After the Great Recession, quantitative easing, a housing market meltdown, Lehman Brother’s shutting down and numerous other dramatic economic events over the past several years, what could possibly be next? Have we seen it all? Well maybe not yet. Negative interest rates, you say? After some of the most tumultuous global economic turmoil the world has ever experienced, there is talk (and actual implementation globally) of negative rates of interest.
What are negative interest rates? Definitively speaking: A negative interest rate policy is an unconventional monetary policy tool whereby nominal target interest rates are set with a negative value, below the theoretical lower bound of zero percent. Real-world speaking: Imagine depositing $1,000 in your bank account for a year and receiving $97 in 365 days. That doesn’t sound fair to me, and it isn’t for savers.
However, global economic growth has been so anemic over the past several years that negative interest rates have become reality in several countries across the world……..central banks in Japan, Europe, Switzerland, Sweden, Hungary and Denmark have been initiating this unorthodox policy. For example, the European Central Bank is now charging banks 0.4% to hold their money. Switzerland and Denmark have pushed their key rates to -0.75% and Sweden to -0.85%. In the sovereign bond market, roughly 16% if the world’s government bonds are already paying negative yields.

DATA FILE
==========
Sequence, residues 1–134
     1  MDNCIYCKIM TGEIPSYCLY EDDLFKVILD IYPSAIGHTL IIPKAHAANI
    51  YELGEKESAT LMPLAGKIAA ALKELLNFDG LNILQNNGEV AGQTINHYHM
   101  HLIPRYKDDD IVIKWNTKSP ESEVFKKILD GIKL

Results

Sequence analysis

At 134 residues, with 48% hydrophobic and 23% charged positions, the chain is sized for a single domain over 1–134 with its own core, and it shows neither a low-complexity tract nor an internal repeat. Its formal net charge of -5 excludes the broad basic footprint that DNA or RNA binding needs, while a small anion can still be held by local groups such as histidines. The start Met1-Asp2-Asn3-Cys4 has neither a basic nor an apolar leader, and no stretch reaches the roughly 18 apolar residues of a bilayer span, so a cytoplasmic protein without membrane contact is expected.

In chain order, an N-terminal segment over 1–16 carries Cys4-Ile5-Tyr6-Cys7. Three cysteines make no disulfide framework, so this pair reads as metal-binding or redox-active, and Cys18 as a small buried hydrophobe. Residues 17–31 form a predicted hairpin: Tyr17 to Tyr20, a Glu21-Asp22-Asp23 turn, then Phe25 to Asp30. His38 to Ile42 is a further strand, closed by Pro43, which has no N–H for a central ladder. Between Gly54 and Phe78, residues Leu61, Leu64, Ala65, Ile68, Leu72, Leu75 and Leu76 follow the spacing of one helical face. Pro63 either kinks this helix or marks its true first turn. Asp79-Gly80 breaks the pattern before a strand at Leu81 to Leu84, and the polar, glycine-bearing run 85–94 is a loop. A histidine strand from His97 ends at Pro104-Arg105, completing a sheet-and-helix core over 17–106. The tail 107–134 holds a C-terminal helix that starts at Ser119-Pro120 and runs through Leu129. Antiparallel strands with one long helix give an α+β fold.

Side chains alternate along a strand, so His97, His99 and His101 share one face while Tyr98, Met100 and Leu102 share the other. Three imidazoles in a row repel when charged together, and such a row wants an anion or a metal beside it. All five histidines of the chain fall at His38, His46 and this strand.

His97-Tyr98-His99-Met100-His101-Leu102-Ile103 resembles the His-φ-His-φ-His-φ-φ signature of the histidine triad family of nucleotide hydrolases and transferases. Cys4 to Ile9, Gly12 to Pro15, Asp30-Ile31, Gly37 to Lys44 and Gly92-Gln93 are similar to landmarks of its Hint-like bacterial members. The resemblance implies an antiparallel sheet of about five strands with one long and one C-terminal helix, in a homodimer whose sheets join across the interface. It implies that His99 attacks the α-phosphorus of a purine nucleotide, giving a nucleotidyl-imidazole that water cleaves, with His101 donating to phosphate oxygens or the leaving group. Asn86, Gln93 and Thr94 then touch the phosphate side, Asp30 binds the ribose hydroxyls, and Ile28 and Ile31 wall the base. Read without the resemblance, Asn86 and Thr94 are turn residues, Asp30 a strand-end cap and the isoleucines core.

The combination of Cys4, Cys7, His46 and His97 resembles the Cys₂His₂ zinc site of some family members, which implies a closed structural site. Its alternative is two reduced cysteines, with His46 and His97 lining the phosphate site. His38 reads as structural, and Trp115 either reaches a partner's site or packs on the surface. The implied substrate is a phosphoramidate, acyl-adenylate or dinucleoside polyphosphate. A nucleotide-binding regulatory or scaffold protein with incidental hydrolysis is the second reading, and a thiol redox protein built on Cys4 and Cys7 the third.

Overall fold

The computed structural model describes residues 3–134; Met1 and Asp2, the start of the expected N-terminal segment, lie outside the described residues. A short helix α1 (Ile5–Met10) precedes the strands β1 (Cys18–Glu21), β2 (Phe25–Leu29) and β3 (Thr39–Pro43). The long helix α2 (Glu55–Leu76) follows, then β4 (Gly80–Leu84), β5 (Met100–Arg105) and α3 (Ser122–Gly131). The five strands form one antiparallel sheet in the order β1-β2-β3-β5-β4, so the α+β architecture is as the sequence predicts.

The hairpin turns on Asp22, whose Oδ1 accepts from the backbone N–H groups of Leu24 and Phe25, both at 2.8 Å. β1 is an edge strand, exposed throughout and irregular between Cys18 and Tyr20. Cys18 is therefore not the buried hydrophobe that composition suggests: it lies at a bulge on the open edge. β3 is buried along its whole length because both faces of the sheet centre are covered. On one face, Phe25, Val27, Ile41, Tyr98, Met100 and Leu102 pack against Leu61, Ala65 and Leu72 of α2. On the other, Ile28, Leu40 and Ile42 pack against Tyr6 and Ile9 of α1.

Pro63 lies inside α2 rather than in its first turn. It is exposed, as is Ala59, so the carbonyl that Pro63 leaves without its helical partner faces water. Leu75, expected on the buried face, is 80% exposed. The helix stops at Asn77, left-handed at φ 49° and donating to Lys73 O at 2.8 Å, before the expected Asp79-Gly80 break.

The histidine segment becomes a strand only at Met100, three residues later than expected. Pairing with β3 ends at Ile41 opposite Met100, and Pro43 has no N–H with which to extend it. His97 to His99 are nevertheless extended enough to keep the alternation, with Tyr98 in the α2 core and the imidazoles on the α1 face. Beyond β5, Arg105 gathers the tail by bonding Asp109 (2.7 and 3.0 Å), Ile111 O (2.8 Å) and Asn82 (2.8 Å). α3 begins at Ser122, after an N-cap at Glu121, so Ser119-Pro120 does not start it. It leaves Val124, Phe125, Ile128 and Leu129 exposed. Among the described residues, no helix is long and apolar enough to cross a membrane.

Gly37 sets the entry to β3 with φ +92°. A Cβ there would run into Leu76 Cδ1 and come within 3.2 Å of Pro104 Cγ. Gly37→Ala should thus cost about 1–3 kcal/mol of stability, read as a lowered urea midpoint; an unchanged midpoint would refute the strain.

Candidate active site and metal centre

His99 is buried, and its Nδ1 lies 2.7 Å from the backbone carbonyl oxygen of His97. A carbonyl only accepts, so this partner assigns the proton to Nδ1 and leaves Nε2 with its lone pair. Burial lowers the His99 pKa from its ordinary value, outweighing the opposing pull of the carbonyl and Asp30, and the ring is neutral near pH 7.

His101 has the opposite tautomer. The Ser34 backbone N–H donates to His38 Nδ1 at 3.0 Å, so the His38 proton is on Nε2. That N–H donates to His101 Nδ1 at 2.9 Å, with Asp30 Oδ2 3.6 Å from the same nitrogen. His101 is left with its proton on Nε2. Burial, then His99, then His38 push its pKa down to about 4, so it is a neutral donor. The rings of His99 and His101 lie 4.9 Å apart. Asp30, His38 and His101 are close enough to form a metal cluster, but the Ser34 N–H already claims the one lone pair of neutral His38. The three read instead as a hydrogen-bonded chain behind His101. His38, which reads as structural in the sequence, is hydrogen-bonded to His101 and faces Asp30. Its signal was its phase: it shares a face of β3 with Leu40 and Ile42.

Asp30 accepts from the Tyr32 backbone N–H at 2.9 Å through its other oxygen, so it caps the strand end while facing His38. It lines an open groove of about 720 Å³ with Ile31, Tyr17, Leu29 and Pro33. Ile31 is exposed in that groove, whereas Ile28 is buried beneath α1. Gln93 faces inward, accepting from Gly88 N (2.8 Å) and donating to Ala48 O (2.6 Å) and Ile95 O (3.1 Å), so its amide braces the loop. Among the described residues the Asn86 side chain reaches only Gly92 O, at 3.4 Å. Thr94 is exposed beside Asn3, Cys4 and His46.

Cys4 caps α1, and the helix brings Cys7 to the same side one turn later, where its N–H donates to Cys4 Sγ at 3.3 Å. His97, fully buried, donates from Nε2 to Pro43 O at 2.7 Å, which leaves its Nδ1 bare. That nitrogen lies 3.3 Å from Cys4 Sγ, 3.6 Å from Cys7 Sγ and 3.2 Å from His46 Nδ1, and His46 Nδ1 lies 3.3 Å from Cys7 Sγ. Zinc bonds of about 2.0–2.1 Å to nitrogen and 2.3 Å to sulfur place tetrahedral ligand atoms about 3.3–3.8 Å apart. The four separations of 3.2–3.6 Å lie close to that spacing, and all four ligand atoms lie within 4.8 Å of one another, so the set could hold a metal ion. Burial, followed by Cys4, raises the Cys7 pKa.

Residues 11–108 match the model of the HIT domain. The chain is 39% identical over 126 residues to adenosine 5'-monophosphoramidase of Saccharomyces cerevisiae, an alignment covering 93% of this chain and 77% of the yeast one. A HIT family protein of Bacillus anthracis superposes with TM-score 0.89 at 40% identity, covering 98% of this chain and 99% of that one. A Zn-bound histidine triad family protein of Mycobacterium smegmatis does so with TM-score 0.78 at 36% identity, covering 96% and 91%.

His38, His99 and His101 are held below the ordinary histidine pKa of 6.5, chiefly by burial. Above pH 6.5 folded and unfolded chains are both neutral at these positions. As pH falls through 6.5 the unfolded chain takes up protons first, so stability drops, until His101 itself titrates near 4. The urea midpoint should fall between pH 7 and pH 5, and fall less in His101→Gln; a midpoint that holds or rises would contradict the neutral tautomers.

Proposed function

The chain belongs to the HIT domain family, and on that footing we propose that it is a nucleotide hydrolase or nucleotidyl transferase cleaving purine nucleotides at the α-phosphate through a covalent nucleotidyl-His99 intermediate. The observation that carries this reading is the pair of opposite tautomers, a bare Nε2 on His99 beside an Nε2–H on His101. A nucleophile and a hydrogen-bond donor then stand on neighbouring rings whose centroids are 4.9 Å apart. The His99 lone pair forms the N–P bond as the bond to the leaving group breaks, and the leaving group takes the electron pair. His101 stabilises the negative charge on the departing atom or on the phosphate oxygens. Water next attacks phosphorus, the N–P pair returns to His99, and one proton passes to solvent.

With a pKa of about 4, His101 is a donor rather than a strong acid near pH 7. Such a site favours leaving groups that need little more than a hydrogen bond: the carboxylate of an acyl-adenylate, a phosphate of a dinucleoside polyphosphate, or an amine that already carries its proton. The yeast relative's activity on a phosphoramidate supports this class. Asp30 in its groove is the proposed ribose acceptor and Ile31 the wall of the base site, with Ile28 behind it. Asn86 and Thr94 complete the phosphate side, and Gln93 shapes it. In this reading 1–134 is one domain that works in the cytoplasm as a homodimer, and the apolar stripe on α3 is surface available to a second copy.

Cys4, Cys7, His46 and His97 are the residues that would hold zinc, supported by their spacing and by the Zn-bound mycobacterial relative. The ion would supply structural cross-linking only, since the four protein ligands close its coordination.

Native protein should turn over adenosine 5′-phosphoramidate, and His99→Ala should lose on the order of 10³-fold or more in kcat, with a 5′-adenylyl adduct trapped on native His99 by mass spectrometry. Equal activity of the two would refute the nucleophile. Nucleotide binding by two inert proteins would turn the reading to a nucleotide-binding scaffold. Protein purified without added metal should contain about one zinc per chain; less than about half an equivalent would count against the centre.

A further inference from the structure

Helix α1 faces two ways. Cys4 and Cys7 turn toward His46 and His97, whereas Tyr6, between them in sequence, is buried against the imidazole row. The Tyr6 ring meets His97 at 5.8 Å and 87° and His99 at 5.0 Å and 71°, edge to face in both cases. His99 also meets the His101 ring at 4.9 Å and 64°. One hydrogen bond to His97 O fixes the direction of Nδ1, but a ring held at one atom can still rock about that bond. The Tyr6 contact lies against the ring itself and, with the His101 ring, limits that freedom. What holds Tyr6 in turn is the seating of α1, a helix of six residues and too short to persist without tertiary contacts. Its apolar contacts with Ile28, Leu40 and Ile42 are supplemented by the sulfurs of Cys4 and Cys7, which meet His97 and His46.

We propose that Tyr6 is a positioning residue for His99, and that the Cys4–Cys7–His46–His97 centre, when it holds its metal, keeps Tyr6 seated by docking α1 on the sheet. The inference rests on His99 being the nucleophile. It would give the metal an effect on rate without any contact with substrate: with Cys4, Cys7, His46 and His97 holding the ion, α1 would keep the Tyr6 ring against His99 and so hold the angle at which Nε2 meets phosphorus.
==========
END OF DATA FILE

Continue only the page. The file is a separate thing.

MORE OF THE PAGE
The idea behind negative interest is almost a last-chance effort to stimulate an economy. Instead of banks paying ultra-low interest to savers, the idea behind negative interest rates is for those same savers to spend that money in the economy – for example, through buying goods or using the funds to start a business. Furthermore, negative rates of interest would reduce the cost of money for households and corporations, making loans easier to get, which in theory would jump-start an economy even further. A third rationale for negative interest rates is to keep the value of a country’s currency weak in order to stimulate export activity. Here, low (or even negative) rates deter investors from exchanging their currency into the foreign currency.
As far as the US is concerned, a negative interest policy has not been adopted or even seriously considered, but Fed chairwoman Janet Yellen said she would “leave the door open for negative interest policy”. We’ll see what develops.
The attached video from the Wall Street Journal, “Negative Interest Rates: How Do They Work?” is a great little clip that summarizes negative interest rate policy.